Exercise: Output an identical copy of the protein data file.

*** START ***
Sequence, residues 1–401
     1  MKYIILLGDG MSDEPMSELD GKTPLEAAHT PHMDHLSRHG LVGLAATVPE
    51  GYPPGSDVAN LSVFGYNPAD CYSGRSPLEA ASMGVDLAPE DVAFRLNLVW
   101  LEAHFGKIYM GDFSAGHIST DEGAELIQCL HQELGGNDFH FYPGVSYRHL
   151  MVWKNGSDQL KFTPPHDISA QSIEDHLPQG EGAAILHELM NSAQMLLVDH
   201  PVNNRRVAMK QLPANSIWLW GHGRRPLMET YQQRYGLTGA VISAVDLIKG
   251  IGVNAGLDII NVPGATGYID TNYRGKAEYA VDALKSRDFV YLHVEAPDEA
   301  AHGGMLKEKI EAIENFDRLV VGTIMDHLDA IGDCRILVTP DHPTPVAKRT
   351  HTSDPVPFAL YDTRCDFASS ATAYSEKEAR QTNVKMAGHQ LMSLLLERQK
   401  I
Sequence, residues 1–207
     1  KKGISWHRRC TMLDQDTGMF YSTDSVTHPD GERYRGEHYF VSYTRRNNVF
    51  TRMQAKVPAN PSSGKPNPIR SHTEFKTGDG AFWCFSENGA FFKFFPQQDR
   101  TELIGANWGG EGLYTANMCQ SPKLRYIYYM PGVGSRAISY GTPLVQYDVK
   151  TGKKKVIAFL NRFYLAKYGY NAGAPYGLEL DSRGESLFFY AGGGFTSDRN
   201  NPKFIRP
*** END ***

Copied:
Sequence, residues 1–401
     1  MKYIILLGDG MSDEPMSELD GKTPLEAAHT PHMDHLSRHG LVGLAATVPE
    51  GYPPGSDVAN LSVFGYNPAD CYSGRSPLEA ASMGVDLAPE DVAFRLNLVW
   101  LEAHFGKIYM GDFSAGHIST DEGAELIQCL HQELGGNDFH FYPGVSYRHL
   151  MVWKNGSDQL KFTPPHDISA QSIEDHLPQG EGAAILHELM NSAQMLLVDH
   201  PVNNRRVAMK QLPANSIWLW GHGRRPLMET YQQRYGLTGA VISAVDLIKG
   251  IGVNAGLDII NVPGATGYID TNYRGKAEYA VDALKSRDFV YLHVEAPDEA
   301  AHGGMLKEKI EAIENFDRLV VGTIMDHLDA IGDCRILVTP DHPTPVAKRT
   351  HTSDPVPFAL YDTRCDFASS ATAYSEKEAR QTNVKMAGHQ LMSLLLERQK
   401  I
Sequence, residues 1–207
     1  KKGISWHRRC TMLDQDTGMF YSTDSVTHPD GERYRGEHYF VSYTRRNNVF
    51  TRMQAKVPAN PSSGKPNPIR SHTEFKTGDG AFWCFSENGA FFKFFPQQDR
   101  TELIGANWGG EGLYTANMCQ SPKLRYIYYM PGVGSRAISY GTPLVQYDVK
   151  TGKKKVIAFL NRFYLAKYGY NAGAPYGLEL DSRGESLFFY AGGGFTSDRN
   201  NPKFIRP